Self-sexing insects and other cases of parthenogenesis

What's so divine about a virgin birth?

Published December 24, 1999 5:00PM (EST)

Dec. 24, 1999

Tomorrow is reputedly the 1,999th birthday of Jesus of Nazareth, the crucified leader of Christianity, the globe's largest creed. Many of the faithful followers of this man-Messiah believe that he was birthed from the womb of a virgin, despite scientists' claim that this phenomenon, called parthenogenesis, occurs only in low-level species.

Many annoying insects such as ants, bees, wasps and aphids as well as some fleas and ticks create progeny in a manner similar to the legendary Virgin Mary, i.e., without any assistance from sperm. A few scaly fish and reptiles are also capable of immaculate conception.

Not content with either nature's unimpressive displays of self-conception or religion's high-flown spiritual romances, scientists have been trying to expand single-sex reproduction for the past century. Biologist Jacques Loeb first developed artificial parthenogenesis in 1899 when he developed sea urchin larvae. In 1900 he progressed to polliwogs, creating embryos in frog eggs by pricking their jelly-like shells with a needle. According to the Columbia Encyclopedia, American birth-control pioneer Gregory Pincus made the first miracle mammals in 1936, when he injected life into a rabbit ovum with chemicals and temperature changes.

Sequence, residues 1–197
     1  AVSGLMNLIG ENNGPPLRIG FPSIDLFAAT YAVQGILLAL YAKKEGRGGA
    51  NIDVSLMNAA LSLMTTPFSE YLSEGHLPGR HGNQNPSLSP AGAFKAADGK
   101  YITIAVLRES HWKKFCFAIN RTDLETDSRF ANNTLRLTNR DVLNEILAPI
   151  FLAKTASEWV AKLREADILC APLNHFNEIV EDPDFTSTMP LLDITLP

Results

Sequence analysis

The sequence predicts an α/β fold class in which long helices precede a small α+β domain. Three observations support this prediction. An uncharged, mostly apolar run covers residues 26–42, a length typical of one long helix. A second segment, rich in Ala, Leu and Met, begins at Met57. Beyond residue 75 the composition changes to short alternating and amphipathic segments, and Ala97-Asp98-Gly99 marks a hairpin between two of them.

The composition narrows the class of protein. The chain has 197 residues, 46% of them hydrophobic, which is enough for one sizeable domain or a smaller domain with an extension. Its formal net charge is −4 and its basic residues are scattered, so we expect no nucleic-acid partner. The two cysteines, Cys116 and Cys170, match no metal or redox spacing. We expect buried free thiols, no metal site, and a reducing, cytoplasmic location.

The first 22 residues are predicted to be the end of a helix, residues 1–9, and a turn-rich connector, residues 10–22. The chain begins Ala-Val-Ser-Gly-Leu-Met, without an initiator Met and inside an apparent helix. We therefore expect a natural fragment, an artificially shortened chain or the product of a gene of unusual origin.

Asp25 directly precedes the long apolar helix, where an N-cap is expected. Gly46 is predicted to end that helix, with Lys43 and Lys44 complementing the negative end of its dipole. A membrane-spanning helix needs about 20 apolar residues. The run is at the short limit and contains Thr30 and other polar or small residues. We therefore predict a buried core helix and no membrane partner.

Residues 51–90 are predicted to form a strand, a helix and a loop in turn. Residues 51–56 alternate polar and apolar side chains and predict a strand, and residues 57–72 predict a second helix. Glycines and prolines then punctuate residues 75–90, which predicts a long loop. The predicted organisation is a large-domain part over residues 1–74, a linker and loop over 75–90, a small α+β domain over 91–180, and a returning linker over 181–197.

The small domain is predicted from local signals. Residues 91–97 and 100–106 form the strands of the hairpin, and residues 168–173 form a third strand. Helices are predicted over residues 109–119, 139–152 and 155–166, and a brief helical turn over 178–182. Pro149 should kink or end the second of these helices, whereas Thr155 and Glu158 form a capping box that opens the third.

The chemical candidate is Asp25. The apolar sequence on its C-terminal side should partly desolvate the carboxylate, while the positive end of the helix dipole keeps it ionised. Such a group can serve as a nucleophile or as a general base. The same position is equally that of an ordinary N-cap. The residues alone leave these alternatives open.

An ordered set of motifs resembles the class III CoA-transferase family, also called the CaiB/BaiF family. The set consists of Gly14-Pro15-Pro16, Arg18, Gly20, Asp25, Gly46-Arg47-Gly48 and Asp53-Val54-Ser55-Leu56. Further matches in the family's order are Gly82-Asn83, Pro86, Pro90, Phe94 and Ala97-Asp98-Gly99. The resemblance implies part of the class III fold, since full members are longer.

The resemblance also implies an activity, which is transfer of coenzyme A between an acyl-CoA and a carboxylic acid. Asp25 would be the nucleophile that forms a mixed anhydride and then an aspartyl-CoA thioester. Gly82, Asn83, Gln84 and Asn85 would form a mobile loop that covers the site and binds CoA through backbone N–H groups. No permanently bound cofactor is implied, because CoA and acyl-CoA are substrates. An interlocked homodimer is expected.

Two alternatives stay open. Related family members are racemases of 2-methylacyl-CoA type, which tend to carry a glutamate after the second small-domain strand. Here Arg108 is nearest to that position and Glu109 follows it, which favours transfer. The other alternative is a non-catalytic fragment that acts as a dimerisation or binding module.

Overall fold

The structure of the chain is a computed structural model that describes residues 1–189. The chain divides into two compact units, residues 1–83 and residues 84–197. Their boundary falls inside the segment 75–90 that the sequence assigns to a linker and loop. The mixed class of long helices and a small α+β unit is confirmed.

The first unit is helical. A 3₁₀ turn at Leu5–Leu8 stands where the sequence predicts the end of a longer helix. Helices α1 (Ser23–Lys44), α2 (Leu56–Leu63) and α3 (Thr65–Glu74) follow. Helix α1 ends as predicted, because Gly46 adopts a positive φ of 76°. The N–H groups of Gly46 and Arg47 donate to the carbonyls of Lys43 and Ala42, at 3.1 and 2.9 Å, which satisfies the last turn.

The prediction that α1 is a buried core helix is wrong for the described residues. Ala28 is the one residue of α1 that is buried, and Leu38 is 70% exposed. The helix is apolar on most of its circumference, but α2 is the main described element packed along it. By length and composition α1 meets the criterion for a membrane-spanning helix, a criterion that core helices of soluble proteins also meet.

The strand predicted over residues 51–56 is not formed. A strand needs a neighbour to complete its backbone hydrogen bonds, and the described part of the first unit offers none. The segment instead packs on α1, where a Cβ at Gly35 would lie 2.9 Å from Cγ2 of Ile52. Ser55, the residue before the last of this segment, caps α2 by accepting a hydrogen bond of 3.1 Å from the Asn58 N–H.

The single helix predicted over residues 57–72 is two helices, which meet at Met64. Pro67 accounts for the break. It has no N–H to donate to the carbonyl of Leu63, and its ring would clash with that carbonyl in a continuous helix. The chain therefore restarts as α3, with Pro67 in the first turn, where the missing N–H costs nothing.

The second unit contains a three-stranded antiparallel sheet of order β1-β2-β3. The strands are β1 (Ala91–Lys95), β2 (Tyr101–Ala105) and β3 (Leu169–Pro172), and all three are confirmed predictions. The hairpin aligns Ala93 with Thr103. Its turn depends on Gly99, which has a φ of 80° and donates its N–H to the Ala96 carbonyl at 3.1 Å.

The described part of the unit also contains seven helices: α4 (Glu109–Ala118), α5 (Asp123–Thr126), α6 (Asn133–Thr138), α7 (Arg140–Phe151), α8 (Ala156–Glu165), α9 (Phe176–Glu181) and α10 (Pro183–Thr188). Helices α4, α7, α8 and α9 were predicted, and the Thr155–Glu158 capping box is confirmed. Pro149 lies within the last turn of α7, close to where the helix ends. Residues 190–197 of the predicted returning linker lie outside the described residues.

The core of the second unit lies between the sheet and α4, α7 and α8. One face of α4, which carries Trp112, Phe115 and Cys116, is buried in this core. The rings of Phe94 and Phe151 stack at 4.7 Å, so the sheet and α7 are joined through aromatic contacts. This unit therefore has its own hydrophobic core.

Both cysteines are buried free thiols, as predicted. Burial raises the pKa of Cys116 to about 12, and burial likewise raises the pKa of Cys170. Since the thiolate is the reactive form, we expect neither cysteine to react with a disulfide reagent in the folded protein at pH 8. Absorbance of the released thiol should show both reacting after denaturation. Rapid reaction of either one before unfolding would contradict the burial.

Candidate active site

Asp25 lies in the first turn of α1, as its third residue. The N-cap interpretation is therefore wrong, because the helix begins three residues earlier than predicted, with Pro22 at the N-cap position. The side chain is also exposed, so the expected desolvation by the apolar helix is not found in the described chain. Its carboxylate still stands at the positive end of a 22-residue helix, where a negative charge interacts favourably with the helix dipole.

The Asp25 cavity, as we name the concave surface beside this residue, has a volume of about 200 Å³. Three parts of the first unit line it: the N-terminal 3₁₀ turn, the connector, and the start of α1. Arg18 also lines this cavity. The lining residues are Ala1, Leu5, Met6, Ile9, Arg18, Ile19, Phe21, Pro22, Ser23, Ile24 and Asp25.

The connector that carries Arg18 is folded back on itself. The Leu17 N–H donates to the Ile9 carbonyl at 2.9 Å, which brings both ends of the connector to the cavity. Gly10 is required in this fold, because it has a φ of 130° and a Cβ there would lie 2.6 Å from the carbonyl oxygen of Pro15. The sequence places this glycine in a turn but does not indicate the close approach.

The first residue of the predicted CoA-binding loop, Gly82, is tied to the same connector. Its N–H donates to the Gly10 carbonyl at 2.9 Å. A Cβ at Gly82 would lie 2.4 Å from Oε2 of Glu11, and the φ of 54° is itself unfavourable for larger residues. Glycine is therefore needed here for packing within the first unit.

Despite the New Testament's assertion in Luke 1:35 that Mary was impregnated by an angel's simple announcement, "The Holy Ghost shall come over thee, and the power of the Highest shall come over thee," there is no scientific proof that human parthenogenesis has ever been achieved. Even so, the theory that Jesus' embryo was created by a non-copulatory method remains staunchly defended by Catholics, Christian Scientists and numerous other sects.

Miraculous-birth narratives are not limited to Christian theology. Classical mythology teaches that sea foam spawned the Greek goddess of love Aphrodite; the avatar of India's Jainism, Mahavira (aka Nataputta Vardhamana, 599 B.C. to 527 B.C.) was believed to have traveled straight from heaven to a spermless conception; and the Persian prophet Zoroaster was supposedly conceived when his parents drank a sacred infusion of milk and divine plants.

By Hank Hyena

Hank Hyena is a former columnist for SF Gate, and a frequent contributor to Salon.

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